Seeing as how Eskom can no longer meet SA’s electricity needs, it must be some consolation that days are longer at Christmastime in the southern hemisphere. Up here, it is the darkest season. Darkening it further is the thought that this time next year we could be getting ready for Donald Trump’s second inauguration.
Here’s how it happened:
The impeachment fizzled. In the Senate, Majority Leader Mitch McConnell saw to it that the trial was quick. Following Trump’s acquittal, Republicans stuck resolutely to their talking points. It was the Democrats, not Trump, who had abused power. They had plotted coup against a president whose legitimacy they never accepted.
This message was amplified by Fox, Breitbart and the rest of Trump’s propaganda network and would be his mantra throughout the campaign. He bragged that the failed impeachment was proof not only of his innocence but of his courage. The deep state had come at him when he tried to break its grip, and he had faced it down.
By the time the president’s personal lawyer Rudolf Giuliani was indicted on charges related to his quest for dirt on former Vice President Joe Biden in Ukraine, America had moved on. Trump disowned Giuliani and said he had been freelancing.
Biden stayed smeared and it soon became apparent that his path to the Democratic nomination would not be as easy as the polls had suggested. Minnesota Senator Amy Klobuchar came out of nowhere to take second place in Iowa, putting the sensible centre in play. Bernie Sanders established himself over Elizabeth Warren as the standard bearer of the left with a win in New Hampshire.
Biden regained his footing in South Carolina but with Klobuchar catching fire and splitting the centrist vote, Sanders started racking up delegates as the primaries ground on. Biden survived, but it was anything but a happy and united convention that gave him the nomination. The left went off to its tent in a huff. For many others, there was bitter disappointment that a woman was not at the top of the ticket.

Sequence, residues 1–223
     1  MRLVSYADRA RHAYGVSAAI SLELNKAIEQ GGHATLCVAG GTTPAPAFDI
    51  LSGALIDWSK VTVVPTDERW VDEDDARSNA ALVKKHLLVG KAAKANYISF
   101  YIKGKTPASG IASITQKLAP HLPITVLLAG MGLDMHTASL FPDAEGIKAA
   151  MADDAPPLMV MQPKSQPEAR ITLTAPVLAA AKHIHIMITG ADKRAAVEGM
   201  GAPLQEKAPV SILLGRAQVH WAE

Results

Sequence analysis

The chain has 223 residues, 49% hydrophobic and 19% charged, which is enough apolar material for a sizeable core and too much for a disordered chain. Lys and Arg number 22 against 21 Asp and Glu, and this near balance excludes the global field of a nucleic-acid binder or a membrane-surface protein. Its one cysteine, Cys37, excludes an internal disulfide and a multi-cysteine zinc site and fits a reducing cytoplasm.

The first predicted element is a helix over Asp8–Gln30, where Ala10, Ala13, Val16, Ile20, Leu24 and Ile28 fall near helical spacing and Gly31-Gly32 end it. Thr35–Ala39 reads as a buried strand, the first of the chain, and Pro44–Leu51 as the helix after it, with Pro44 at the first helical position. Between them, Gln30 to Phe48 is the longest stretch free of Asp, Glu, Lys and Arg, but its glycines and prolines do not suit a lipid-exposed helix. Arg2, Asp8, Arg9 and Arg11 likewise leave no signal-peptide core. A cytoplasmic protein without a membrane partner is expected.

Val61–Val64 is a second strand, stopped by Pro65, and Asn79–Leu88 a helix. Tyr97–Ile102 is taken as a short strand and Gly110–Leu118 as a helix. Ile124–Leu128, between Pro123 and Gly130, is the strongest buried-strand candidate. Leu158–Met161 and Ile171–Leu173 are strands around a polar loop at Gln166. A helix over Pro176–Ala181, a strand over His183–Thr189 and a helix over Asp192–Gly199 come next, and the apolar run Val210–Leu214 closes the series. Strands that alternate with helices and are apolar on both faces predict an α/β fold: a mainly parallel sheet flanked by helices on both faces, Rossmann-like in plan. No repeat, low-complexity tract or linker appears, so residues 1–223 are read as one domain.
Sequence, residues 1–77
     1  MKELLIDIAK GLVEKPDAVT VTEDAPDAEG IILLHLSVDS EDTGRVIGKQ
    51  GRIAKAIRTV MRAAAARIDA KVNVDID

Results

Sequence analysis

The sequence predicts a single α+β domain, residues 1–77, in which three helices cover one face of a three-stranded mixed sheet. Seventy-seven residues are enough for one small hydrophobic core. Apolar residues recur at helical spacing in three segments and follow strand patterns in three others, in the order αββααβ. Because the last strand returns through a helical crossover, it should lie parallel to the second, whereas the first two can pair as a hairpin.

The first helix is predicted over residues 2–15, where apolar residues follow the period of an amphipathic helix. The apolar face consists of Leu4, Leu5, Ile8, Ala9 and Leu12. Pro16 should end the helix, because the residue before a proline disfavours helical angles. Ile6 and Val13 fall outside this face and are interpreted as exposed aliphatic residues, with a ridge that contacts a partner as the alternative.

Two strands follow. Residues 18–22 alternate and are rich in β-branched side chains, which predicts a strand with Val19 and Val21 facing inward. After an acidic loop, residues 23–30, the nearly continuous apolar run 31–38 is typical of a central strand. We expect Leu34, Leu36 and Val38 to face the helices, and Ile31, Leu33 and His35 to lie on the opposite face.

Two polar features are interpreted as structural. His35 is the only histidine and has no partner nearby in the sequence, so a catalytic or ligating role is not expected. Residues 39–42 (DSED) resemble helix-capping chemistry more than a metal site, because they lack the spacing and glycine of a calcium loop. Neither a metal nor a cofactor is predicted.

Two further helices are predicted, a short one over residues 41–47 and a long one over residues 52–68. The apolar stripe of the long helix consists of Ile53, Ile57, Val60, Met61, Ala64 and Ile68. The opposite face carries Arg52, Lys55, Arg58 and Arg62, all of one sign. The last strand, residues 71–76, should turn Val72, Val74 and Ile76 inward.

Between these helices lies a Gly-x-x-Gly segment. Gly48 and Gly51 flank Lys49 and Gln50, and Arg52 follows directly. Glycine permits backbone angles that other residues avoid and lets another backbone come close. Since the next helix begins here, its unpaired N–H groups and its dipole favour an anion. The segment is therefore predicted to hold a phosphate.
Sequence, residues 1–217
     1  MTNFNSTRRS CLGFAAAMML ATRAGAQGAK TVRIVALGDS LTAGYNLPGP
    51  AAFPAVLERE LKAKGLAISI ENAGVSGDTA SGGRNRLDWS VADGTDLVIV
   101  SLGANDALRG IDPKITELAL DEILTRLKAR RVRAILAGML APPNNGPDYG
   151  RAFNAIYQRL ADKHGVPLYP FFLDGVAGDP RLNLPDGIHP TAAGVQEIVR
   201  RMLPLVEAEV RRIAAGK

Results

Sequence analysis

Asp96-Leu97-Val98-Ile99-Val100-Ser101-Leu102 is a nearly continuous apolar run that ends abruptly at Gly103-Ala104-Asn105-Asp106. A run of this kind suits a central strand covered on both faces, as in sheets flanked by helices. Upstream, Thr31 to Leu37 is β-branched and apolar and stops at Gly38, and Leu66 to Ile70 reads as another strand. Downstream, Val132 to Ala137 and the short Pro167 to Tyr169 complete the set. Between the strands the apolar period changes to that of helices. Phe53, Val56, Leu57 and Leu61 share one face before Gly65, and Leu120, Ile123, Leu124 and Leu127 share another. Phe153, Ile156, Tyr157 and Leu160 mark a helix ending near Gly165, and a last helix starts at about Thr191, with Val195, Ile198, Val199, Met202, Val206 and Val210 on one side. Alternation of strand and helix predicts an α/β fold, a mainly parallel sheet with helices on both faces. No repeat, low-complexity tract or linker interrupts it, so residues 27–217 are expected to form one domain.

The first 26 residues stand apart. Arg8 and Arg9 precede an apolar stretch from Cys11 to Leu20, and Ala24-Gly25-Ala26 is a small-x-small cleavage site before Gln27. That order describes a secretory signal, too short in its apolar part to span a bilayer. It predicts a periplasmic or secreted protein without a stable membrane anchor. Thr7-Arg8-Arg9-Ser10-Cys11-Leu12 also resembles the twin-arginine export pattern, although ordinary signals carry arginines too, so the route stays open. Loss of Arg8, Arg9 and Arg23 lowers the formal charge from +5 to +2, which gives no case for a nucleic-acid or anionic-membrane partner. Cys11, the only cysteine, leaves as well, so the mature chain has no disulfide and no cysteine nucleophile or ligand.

It is unclear what role if any Russian active measures played but they were probably superfluous as Representatives Ilhan Omar and Alexandra Occasio-Cortez, among others, generated a steady flow of soundbites for the Trumpist outrage machine.
Trump was in his element, thrilling MAGA-hatted crowds with his preposterous braggadocio and whipping up 40-minutes hates — not just the two-minute variety of 1984 fame — against the Democrats and the “faceless bureaucrats who conspire with them to deny the people’s will.”
Off the campaign trail Trump seemed at unusual pains to play the statesman, racking up what looked like legitimate accomplishments. Inspired by the success of Britain’s Boris Johnson, he stole the Democrats’ clothes and unveiled a serious effort to replace Obamacare with something better, as he’d promised in 2016.
Then there was the trade deal with China. He was given credit for brokering a peace between Russia and Ukraine. Victory was declared in Afghanistan. The Taliban complied with the terms of a ceasefire, and US troops came home. North Korea launched no missiles. Some suspected this was all good to be true. It was as if America’s adversaries were eager to help Trump win a second term.
Biden, meanwhile, floundered. He never escaped the question of why, as President Obama’s point man on Ukraine, he had not objected to his son serving on the board of a dodgy Ukrainian energy company. As the campaign wore on, his 77 years told. He grew increasingly testy and gaffe prone. Having served in the Senate since 1973, he was an easy target for Trump to brand as a swamp creature. And so on election night, we watched a replay of 2016 and wondered whether we should emigrate to Canada.
Please let this be nothing more than a bad dream.